Officials in Reading are at war over a plan to lease the city's water system.
Both Mayor Vaughn Spencer and city council members agree that one is needed to reduce the budget deficit, but each side is at odds in terms of execution.
"They have an approach that they want to consider. I would like to consider another approach," said Spencer during a news conference Wednesday.
Spencer is partial to negotiating a long-term lease agreement with the current managing party, the Reading Area Water Authority, whereas city council President Francis Acosta said he and council members are championing a different method.
Acosta said council is looking to enter into a two-year lease agreement with RAWA, which would allow time for officials to consider a long-term agreement with other companies and take their bids.
"That could help us… to set up this bridge, so we could put all our time and effort into working into a long-term lease agreement, where even RAWA [would be] able to compete," said Acosta.
But according to Spencer, those two years could cost the city millions of dollars in interest rates and transaction costs associated with a bid process. Moreover, he said a long-term lease with RAWA would avoid having to pay down the current RAWA debt.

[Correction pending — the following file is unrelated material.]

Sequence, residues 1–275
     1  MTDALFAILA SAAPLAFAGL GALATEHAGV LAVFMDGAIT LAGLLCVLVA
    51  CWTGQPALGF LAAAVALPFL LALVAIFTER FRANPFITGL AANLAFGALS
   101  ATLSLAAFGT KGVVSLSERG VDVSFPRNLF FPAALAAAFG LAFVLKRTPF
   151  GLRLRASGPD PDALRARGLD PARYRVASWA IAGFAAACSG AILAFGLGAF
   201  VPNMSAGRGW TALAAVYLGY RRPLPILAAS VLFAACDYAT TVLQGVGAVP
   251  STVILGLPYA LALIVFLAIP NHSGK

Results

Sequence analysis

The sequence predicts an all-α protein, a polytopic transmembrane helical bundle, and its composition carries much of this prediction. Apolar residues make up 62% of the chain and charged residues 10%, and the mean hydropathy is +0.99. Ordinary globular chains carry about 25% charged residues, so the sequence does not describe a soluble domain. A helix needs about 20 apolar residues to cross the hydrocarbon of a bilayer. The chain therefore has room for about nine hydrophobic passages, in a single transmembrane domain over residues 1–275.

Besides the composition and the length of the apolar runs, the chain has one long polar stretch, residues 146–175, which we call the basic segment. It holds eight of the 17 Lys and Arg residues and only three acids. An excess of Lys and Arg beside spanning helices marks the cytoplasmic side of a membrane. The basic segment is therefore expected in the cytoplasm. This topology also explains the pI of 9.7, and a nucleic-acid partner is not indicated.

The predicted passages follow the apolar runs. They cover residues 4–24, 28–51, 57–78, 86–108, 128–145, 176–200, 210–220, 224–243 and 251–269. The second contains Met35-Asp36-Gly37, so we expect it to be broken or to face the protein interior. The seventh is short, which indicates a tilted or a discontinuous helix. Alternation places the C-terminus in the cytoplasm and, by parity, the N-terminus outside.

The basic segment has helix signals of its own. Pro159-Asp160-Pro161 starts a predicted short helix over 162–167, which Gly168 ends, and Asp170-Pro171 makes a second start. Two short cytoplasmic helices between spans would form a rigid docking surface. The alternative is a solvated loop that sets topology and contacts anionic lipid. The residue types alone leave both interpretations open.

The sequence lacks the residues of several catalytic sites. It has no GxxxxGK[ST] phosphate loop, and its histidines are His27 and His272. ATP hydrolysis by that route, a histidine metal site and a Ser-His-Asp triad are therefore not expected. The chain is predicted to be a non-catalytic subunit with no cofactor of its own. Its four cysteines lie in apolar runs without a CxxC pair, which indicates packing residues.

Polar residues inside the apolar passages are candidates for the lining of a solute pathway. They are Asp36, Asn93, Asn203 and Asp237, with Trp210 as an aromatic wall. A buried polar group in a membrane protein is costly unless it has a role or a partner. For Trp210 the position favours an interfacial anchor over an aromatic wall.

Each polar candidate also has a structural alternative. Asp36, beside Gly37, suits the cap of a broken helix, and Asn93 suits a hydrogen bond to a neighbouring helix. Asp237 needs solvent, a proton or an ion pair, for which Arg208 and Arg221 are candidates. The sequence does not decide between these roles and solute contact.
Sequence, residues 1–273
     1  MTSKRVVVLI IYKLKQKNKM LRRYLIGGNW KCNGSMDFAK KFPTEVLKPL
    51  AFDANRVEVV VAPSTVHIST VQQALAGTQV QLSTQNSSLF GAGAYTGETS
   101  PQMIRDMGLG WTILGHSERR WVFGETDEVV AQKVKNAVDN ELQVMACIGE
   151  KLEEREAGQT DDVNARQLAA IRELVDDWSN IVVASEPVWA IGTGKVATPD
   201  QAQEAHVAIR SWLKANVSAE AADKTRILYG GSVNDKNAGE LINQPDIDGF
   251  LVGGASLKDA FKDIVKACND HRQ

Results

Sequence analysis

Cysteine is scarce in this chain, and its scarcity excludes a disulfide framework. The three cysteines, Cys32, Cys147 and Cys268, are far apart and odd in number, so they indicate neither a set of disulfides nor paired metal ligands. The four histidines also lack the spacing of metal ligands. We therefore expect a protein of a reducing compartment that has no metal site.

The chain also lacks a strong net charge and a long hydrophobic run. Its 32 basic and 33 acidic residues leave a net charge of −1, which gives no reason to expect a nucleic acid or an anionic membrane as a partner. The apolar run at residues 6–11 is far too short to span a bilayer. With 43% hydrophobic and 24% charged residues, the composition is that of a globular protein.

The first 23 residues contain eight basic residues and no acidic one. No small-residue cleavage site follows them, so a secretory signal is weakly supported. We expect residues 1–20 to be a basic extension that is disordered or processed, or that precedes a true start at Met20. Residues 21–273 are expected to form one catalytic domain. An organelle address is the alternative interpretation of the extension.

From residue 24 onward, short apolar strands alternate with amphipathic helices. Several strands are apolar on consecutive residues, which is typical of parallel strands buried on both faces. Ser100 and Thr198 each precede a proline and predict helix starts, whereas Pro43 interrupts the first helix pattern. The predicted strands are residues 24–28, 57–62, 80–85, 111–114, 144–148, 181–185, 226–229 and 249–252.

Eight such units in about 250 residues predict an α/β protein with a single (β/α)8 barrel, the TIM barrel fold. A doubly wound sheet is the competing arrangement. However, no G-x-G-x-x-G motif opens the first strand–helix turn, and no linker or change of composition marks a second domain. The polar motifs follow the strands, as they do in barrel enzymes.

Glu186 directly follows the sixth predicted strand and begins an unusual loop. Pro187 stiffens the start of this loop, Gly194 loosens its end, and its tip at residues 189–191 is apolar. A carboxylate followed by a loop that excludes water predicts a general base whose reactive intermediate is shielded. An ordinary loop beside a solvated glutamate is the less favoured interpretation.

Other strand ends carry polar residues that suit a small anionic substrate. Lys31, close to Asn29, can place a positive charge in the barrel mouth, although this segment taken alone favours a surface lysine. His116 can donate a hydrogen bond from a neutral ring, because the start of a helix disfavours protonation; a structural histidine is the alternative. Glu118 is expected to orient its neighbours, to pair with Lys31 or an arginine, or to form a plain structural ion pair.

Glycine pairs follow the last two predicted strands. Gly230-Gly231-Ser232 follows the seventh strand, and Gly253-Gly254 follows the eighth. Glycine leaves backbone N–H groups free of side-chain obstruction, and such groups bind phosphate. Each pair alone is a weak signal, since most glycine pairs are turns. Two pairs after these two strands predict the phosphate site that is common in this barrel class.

"There's a number of advantages. I think we're doing the right thing. Since we have an authority, let's talk," said Spencer.
And that's exactly what Spencer intends to do. On Tuesday, in a memo addressed to Acosta, Spencer announced that he was developing a new negotiating committee to work with RAWA toward a long-term lease agreement.
Acosta told 69 News he didn't receive the memo until after the water authority did, and said the mayor's decision was "improper" and "unprofessional," considering the mayor recently pulled his administrators from a pre-existing negotiating committee after creating it earlier this year.
According to Spencer, the choice was made after the team ceased to consider a long-term proposal with RAWA. Still, he has invited council members to be part of the new team, scheduled to begin negotiating next week.
Instead, Acosta said he and council members will seek ways to dismantle and establish a new authority.
"This is about doing the right thing for the city," said Acosta.
The current lease agreement is set to end at 2015. Ernest Herbein Schlegel, member of RAWA's Board of Directors, said the authority will not leave the city in a bind for 2015.
"I hope [city] council and the administration will come together, get this plan together," said Schlegel.
A public hearing on the matter is planned for the week of May 5.